London 2012: Cows take the stage in Olympic Games Opening Ceremony

 

Real sheep, real cows, real horses, real grass, real ploughing and two battling mosh pits are to open the Olympic Games Opening Ceremony.

At Three Mills Studios, in east London, ceremony director Danny Boyle unveiled a model of the beginning of his £27m project. It is, he said, “the green and pleasant land. It is something that still exists, and something that cries out to all of us like a childhood memory.”

At one end of the stadium is a giant replica of Glastonbury Tor, the famous pagan hill in Somerset, plonked directly on top of the seats. Below it is a ‘Glastonbury style mosh pit’, to be filled with as yet unselected members of the public. At the other end will be a second mosh pit, which will be “more like the last night of the proms.”

“We hope the two mosh pits will do battle with each other,” he said. At the proms end will also be suspended the giant bell, “the biggest harmonically tuned bell in the world,” which has recently been completed by the Whitechapel Bell Foundry, and installed in the stadium last week. “When they ring it, you can hear it all around the Olympic Park,” Mr Boyle said.

“The 1948 games brought to London nations that had been at war. The bells weren’t rung during the war. They rang to announce the peace. So we will begin our ceremony with a symbol of peace,” he added.

Four cotton wool clouds sat above Mr Boyle’s model, one of which he said rather enigmatically, “will have rain coming out of it”.

Four huge maypoles , which children will dance around, sit on the in field, one each of which is topped with a giant rose, daffodil, thistle, and flax, to represent the four home nations.

Where the Olympic cauldron is to sit is, he said, “one of the pieces of the puzzle.” Where Her Majesty the Queen fits in – rumours abound of her having filmed an opening James Bond sequence with Daniel Craig at Buckingham Palace – is also “part of the puzzle.”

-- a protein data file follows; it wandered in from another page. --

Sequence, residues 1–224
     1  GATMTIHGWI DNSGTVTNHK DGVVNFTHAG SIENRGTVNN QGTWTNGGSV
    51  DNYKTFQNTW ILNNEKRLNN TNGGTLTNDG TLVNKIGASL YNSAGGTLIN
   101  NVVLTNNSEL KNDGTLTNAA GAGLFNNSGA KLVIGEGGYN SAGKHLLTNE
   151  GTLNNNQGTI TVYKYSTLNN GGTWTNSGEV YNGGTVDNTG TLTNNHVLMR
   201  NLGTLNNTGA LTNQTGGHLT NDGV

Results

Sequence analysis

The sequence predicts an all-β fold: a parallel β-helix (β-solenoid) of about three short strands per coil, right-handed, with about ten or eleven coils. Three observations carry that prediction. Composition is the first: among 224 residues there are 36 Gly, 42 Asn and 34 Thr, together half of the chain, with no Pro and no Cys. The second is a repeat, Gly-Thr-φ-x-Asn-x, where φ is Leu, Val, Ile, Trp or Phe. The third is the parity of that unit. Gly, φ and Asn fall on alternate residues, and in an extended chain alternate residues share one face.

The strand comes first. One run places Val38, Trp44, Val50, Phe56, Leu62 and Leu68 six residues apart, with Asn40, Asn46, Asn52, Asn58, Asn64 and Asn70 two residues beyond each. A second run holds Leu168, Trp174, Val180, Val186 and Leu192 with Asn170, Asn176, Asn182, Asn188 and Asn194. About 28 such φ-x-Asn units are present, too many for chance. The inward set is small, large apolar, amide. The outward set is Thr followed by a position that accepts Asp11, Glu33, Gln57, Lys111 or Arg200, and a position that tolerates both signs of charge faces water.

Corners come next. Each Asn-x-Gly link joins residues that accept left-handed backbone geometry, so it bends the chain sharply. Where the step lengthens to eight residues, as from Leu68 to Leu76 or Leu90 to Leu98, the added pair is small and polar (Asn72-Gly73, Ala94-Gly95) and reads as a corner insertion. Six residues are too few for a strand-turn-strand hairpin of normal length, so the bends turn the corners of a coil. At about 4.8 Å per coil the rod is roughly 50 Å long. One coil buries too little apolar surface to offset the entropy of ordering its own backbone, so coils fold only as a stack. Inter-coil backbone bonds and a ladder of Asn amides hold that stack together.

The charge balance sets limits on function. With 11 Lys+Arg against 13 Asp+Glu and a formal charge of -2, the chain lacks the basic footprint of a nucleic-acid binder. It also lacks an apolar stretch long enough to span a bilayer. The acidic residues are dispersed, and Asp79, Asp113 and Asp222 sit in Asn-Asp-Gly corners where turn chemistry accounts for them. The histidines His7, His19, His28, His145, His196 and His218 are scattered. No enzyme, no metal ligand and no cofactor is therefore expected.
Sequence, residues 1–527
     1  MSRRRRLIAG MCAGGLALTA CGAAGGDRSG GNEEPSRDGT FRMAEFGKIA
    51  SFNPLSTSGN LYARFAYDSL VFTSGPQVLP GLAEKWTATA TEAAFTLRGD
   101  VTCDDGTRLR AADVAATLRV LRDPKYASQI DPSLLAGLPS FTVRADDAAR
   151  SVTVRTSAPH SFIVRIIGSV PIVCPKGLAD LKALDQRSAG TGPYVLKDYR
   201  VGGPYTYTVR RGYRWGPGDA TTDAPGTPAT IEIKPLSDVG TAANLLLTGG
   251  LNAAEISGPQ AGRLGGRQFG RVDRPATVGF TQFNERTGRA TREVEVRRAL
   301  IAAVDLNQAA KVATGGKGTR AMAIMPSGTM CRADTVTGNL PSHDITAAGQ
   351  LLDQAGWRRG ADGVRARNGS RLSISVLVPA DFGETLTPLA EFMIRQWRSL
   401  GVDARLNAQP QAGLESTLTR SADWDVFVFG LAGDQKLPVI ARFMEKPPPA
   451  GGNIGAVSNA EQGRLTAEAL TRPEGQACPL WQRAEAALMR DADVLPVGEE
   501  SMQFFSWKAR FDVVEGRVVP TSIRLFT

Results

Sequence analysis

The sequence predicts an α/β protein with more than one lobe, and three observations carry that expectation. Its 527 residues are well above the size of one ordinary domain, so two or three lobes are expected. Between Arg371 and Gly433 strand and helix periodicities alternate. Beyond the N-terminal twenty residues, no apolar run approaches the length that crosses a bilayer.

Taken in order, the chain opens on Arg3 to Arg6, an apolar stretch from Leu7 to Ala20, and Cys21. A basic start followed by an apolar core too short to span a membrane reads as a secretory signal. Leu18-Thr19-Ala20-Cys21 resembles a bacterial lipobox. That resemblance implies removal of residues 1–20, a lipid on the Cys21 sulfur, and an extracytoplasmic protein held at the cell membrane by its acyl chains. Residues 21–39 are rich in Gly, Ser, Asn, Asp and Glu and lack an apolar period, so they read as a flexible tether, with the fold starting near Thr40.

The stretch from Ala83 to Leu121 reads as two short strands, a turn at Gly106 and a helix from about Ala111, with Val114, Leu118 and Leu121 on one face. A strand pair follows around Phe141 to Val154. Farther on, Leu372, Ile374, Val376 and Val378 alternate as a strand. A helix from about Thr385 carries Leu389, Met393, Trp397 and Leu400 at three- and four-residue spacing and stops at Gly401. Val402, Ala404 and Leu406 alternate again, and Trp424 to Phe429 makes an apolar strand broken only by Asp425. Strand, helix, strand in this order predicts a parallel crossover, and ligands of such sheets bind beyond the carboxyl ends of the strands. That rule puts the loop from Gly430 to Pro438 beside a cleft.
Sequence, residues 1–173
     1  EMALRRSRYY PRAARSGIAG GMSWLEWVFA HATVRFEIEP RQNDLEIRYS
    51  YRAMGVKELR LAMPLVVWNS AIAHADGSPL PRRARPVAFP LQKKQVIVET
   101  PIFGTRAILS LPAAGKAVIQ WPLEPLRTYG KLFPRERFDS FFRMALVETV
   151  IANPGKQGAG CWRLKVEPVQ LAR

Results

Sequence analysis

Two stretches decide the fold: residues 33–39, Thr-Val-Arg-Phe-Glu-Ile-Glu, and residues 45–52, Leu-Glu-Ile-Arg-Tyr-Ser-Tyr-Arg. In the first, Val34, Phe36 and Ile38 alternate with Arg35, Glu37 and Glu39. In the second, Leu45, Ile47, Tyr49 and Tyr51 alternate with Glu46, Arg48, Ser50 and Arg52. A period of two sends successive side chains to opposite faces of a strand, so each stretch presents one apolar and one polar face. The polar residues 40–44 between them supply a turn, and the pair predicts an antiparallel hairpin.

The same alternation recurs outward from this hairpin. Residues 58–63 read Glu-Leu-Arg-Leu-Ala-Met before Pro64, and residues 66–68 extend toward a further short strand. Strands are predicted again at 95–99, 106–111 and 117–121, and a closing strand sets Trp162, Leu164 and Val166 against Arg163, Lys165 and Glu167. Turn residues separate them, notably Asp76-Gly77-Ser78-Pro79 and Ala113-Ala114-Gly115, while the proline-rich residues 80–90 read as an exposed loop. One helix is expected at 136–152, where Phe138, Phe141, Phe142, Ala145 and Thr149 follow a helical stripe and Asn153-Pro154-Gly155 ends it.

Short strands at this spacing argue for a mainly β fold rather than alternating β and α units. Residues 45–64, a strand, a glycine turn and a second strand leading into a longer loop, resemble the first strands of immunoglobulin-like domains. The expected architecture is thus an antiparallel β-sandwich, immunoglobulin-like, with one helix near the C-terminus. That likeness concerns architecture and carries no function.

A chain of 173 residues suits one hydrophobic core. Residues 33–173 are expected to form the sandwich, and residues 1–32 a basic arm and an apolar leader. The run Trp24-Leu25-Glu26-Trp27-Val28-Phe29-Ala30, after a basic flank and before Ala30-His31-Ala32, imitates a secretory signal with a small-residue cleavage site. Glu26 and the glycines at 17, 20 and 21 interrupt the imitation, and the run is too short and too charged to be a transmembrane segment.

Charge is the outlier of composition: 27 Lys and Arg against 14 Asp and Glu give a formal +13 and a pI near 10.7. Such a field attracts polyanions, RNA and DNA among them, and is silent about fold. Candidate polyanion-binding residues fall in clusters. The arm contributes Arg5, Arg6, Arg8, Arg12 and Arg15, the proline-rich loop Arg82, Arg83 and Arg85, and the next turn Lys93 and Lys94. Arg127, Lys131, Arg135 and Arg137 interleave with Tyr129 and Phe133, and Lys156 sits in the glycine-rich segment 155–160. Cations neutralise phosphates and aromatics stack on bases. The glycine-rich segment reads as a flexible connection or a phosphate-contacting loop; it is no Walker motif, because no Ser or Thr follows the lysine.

The opening decidedly bucolic scenes are decidedly Jerusalem-esque. Fitting then, that Mark Rylance is expected to read the lines from Shakespeare’s The Tempest that have inspired the ceremony. “Be not afeared. The isle is of full of noises. Sounds and sweet airs that give delight and hurt not.”

Mr Boyle said some of the challenges came from “the struggle between spectators and television viewers.” He said he wanted the show to “feel spectacular, but also warmer.”

Underworld are currently mixing the music for the ceremony, Sir Paul McCartney has said he is closing the show, but little is known still about the music of the show. “There will be lots of music,” said Mr Boyle. “But it is not a pop concert.”

At least 10,000 people are involved in the ceremony, thousands of which are volunteers. There are now, we know, 120 animals to add to that list. “They’ll be treated very well,” Mr Boyle assured. “Far better than the volunteers.”

“Before I started this, I had only a wooly ideal of the Olympic Dream,” he said. “It’s been battered about a bit now but the volunteers most beautifully express this Olympic ideal. They give up their time for free. Some of them have got a lot of spare time because they haven’t got jobs, some of them haven’t got much. But they give up their time, and try to present something that is the best of all of us.”

Videos of the show have been played to the Prime Minister, other members of the government and the opposition as well as both Boris Johnson and the former mayor Ken Livingstone. The show is expected to be a celebration of Britishness and British history, but not, no doubt to the relief of many of London’s Olympic guests, a full compendium of the last thousand years. It will be “a celebration of what Britain has given to the world” rather than a comprehensive trawl through British history, sizeable warts and all.

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